East Asia) were not on the same scale as with countries in the West, and also
they did not seriously affect the economy of the interior of the country.
However, these contacts, particularly with countries in South-East Asia,
produced far-reaching effects on the cultures of those countries.
                   GUILDS AND CORPORATIONS
  The law books of Gupta period lay down detailed rules regarding the
  functioning of the guilds and corporations. These corporate bodies not
  only performed important economic functions such as carrying out joint
  contracts, plying trade and receiving money deposits, but also performed
  judicial and executive functions. Epigraphic evidence of the period shows
  that the guilds not only issued coins, and seals, but also maintained their
  own militia, which, according to the Kalachuri inscriptions, was known as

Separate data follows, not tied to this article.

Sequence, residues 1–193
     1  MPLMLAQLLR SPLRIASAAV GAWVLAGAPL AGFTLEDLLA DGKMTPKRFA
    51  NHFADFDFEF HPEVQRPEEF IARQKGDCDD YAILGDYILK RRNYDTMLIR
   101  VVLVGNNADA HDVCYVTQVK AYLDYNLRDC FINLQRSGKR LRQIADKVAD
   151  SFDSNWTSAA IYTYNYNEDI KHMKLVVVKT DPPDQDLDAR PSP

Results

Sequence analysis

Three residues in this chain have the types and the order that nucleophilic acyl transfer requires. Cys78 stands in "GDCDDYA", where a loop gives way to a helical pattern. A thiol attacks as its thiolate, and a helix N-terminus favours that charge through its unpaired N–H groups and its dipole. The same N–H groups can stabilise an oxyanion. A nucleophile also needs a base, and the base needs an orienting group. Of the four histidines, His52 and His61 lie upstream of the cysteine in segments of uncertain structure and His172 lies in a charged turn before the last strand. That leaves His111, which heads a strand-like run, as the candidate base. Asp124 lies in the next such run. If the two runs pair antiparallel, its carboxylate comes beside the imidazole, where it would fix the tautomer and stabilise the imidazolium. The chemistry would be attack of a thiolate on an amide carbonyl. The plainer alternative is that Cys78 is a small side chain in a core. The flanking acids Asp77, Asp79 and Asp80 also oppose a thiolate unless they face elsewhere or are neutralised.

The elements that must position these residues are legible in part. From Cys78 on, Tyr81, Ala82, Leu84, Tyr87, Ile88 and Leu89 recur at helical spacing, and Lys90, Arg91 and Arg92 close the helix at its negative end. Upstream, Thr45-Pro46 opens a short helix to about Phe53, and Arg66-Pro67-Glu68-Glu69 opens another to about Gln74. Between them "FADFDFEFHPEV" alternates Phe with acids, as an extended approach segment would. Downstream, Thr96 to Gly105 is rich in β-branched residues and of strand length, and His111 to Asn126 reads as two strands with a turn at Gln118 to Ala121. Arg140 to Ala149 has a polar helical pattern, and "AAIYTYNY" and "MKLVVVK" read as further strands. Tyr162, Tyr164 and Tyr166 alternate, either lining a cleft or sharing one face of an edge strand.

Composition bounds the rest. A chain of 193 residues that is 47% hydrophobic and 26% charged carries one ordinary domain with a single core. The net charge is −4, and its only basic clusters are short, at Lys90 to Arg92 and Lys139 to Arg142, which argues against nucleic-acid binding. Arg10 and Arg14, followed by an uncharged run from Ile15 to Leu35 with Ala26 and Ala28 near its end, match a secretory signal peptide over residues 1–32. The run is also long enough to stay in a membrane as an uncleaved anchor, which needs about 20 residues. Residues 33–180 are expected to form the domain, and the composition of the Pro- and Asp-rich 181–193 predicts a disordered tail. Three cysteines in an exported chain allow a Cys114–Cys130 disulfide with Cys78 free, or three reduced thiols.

srenibala. The increasingly autonomous character of the guilds, as
  virtually independent units of production and political power, can be
  inferred from the rules which govern the relation between the guilds and
  the state. The earlier texts enjoin the king to pay respect to the customs of
  the guilds (srenidharma), but those of the Gupta times instruct the king to
  enforce the usages prevalent in the guilds.
  Brihaspati, for instance, lays down that whatever is done by the heads of
  guilds towards other people, in accordance with prescribed regulations,
  must be approved by the king, for they are declared to be the appointed
  managers of affairs. He also warns that if the usages of localities, castes
  and families are not maintained, the people will get discontented and
  wealth will suffer thereby. Thus, it seems that the guilds were free to act in
  whatever manner they liked, and the king was bound to accept their
  decision.
  However, on certain occasions the king could interfere in the affairs of the
  guilds. Narada lays down that the king shall prevent a combination of
  different guilds, probably of a hostile nature, the arming of these
  corporations without sufficient grounds. The king is also asked by Narada
  to prevent the guilds from embarking on anti-state, immoral or criminal
  actions. But all the above regulations clearly show that during the Gupta
  period the guilds were considered      capable of threatening the authority of